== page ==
And if the people running the group you’re working with aren’t giving you what you want, go somewhere else. You deserve to get something out of a group. Also don’t be afraid to question the leader’s abilities or credentials. And don’t be afraid to question their mental stability either. Or their control over members.

Does the group leader not allow members to attend functions outside of the group? Do they not allow group members to attend functions of certain groups or talk with certain people? Are they known to have uncontrolled emotional outbursts? Do they try to control the personal lives of members? Do they act as if they’re infallible? Do they become upset when someone corrects them? These aren’t things that good leaders won’t do, these are things that adequate leaders won’t do. This is the bare minimum of what should be required.

And if you can’t find a group that doesn’t do this, then start your own. Please, start your own. We need good groups led by competent people.

And we all need to be honest, to be confrontational, and to bring things out in the open. Too many of the leaders are lying about their background, titles, accomplishments, teachers, education, past actions, ect., openly and in front of people who know the truth, and yet no one bothers to correct them. Instead they’re allowed to carry on, and abuse a whole new set of people who don’t yet know better. It needs to stop. These people need to be stood up to, and when they lie, it needs to be corrected.

2 Responses to Expect More From the Community

  1. C0mette says:

    Kudos – Well said! I narrow-mindedly suspected this was happening “just in my community”. Thanks for sharing your news about this common trend among retailers. Caveat emptor! ~C.

  2. Rob says:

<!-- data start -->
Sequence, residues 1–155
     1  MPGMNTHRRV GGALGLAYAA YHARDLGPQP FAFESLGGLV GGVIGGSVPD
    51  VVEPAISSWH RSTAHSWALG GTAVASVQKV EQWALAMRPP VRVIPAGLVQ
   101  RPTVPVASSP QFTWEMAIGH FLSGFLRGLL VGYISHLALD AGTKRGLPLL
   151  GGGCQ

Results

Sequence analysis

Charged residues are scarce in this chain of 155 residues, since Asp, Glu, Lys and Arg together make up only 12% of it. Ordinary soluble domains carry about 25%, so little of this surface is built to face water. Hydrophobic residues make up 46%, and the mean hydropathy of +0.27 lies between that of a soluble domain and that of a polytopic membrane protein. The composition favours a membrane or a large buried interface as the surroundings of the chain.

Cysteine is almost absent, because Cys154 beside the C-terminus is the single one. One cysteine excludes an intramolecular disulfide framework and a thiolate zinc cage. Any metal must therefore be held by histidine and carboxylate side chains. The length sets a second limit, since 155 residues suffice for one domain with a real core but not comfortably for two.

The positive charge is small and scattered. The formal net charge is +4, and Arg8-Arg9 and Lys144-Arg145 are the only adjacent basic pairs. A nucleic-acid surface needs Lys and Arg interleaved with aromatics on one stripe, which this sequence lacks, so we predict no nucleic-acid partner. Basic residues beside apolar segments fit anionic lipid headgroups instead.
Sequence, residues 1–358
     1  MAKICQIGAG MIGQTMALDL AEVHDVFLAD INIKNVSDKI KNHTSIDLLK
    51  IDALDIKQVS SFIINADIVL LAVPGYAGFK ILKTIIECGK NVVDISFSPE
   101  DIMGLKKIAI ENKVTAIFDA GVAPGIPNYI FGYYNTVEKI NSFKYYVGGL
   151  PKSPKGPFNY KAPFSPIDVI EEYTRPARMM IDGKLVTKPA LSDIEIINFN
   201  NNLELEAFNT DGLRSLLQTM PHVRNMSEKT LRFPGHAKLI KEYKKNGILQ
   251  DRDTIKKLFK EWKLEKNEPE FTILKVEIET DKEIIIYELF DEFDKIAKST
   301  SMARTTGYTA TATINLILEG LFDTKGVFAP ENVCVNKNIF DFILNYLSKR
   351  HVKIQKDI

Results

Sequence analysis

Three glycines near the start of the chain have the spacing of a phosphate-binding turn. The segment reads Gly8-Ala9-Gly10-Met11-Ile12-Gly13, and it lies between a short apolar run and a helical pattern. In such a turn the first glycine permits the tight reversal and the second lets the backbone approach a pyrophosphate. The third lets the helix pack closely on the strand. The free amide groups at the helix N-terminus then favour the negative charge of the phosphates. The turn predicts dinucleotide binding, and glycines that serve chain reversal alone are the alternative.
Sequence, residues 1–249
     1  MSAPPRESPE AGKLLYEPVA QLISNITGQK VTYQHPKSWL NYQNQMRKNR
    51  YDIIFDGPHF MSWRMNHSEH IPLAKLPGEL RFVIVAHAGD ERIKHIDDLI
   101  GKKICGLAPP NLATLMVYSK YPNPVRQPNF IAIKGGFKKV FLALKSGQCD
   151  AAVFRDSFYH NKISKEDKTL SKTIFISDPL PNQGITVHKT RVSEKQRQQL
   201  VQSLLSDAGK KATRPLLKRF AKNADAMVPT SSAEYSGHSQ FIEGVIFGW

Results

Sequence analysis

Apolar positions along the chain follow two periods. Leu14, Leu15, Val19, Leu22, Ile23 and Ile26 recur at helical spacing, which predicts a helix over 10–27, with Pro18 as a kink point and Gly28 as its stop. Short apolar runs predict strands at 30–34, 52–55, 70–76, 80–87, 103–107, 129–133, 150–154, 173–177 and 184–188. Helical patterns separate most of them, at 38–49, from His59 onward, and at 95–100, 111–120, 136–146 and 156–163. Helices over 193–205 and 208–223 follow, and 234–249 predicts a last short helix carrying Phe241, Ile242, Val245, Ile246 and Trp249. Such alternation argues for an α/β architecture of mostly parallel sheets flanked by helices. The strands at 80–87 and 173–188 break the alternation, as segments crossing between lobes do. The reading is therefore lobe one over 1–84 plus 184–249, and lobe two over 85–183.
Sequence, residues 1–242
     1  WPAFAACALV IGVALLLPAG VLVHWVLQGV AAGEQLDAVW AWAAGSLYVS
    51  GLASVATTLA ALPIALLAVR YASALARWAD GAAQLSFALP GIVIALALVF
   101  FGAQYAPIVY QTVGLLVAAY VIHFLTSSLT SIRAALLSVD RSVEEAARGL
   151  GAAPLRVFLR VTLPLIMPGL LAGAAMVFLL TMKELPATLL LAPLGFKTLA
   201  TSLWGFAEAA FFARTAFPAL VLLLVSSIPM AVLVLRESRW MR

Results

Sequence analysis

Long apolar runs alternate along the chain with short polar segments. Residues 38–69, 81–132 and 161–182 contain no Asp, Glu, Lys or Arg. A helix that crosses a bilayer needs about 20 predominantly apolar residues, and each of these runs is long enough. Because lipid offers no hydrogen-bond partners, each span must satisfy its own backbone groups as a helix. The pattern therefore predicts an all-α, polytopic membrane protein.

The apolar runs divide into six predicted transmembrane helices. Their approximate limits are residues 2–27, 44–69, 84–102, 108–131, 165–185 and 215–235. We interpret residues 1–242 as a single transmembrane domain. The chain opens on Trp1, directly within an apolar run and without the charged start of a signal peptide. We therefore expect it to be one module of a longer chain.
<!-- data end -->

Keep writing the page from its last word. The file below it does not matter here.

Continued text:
The stores are really a place for people of like-minded spiritual views to come together, for people to come in contact with those who can teach and guide them, and as a hub to share information within the local community. In a way, the magick shops are really like our form of a church. If a shop fails to meet these duties and give back to the local community, I don’t really see a reason to shop there. Like I said, I can get everything they have from the Internet with better selections and better prices. Meanwhile if any of the local stores were community spots, I’d make it a habit of going there at least once a week and hanging out for a while (and I’m horrible with controlling impulse buys).

    I’m also upset with the magick shops trading their shelf space for mundane items. For example a shop out here has one cabinet dedicated to religious/spiritual statuary, and three cabinets dedicated to statues of wizards and dragons fighting, has a larger selection of gay/lesbian lifestyle books than metaphysical/religious books in store, and has over fifty kinds of mood rings and only four kinds of essential oils in stock. There’s nothing wrong with selling these things, but based on the name of the store this isn’t the crap I’m going in there to buy. It’s like going into a store that sells movies and finding out that over half the store has been dedicated to cat products, which actually happened to a store out here and I have no clue how it’s managed to stay in business for over ten years now. But all of this is really another subject alltogether.